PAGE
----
The Man In The Zip Cardigan
Did these people watch the same Mister Rogers Neighborhood that I did? Scratch that, did these people even watch Mister Rogers Neighborhood at all? Because no matter how special Mr. Rogers said we all were, I never felt he told us we deserved anything we didn't earn or ever suggesting that anyone deserved anything just for showing up (I mean, even King Friday didn't get a free pass, and he was the ruler of The Land of Make Believe). I don't recall Mr. Rogers ever implied that our specialness made us impervious to the rules or above the law. He didn't tolerate rude behavior from anyone and if you feel the culture of entitlement is caused by children calling adults by their first names, how can you say Mr. Rogers was to blame?
Yeah, Mr. Rogers came from another era. An era when parents were held responsible for how their children behaved and who they grew up to be. You would think The Wall Street Journal would be advocating parental responsibility in these matters, not blaming the media and letting parents off the hook for spoiling their kids.
Also, you would think the writer of the article (and random professors with axes to grind) would actually do some demographic research, because while Mister Rogers Neighborhood was still in production and broadcast when the current crop of college students were toddlers, I have difficulty believing it was the seminal television show that it was for people of my generation. I mean, back in the day, educational programming consisted of Mister Rogers Neighborhood, Sesame Street, and the Electric Company. We didn't have all the choices available to parents today (or even parents ten years ago) and we didn't have 24 hour channels. I dunno about you, but I wouldn't go pointing fingers at a Presbyterian minister who had a half hour show on public television as creating a culture of entitlement. Not when you have had the 24 hour extended commercial that is called the Disney Channel being broadcast to most homes with basic cable fro the past two decades. Oh, but it's The Wall Street Journal, so I guess turning children into greedy consumers isn't the same as turning them into people who feel they deserve everything they want when they want it.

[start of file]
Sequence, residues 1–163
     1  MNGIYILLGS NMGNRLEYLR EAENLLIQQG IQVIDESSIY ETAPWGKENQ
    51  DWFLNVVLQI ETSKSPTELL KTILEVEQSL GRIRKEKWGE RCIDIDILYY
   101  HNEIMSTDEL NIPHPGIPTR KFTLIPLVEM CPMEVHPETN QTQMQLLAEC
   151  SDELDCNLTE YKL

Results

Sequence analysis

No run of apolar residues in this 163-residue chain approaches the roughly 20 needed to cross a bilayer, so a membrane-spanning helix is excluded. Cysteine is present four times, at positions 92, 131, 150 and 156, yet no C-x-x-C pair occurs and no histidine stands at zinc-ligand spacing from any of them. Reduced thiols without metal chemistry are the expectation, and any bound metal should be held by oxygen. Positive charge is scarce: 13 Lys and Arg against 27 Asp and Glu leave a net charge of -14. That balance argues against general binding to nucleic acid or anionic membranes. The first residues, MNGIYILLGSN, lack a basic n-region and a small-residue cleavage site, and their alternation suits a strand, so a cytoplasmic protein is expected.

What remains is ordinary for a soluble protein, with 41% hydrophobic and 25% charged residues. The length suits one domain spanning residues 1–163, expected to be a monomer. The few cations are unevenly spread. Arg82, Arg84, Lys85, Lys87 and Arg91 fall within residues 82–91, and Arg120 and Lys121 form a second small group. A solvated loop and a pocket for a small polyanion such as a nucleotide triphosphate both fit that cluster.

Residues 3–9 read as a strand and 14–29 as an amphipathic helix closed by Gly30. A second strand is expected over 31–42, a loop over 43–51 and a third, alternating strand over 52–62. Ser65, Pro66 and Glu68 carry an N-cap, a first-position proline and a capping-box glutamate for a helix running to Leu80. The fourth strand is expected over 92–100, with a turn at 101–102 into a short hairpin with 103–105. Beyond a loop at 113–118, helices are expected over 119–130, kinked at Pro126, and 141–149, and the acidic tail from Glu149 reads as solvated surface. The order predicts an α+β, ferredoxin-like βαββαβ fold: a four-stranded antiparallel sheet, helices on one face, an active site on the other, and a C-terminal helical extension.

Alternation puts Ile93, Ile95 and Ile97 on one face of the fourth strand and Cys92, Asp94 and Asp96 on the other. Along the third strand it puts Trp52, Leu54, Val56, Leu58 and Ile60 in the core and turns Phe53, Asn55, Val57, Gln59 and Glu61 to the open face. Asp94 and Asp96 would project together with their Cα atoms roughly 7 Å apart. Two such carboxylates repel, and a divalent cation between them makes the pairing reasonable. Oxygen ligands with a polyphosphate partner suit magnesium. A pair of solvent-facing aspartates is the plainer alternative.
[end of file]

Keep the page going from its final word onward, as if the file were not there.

I miss Mr. Rogers. I wish our local PBS station showed the reruns of his show at a time other than 6 a.m. Yes, Julian has all sorts of television options that I didn't have, but all of them (or at least all the good ones) have a little bit of the 'hood in them. And the world is a colder place without our besweatered friend to talk us through the scary parts.
The Poem I Wrote The Morning I Heard About Fred Rogers' Death
I dreamt of Mr. Rogers the month before he died
In retrospect it may have been his way of saying goodbye
I never had a chance to meet this man who was my friend
And, in truth, I never thought the make believe would end
He taught me about living and he told me about pain
He said that bad things did exist and then he would explain
That sometimes life could be so scary and sometimes I'd get mad
He told me it was quite alright if sometimes I got sad
He also showed that life was always filled with joy and love
With kindness and with gentleness he held himself above
The cruelty, meanness, and cynicism of the everyday
He was a bodhisattva who showed the one true way
He told us not to hurt ourselves and not to hurt each other
Because every animal and person is one's sister or one's brother
So goodbye Mr. Rogers though I miss you more than ever
I hope I keep all the things you taught me in my heart forever.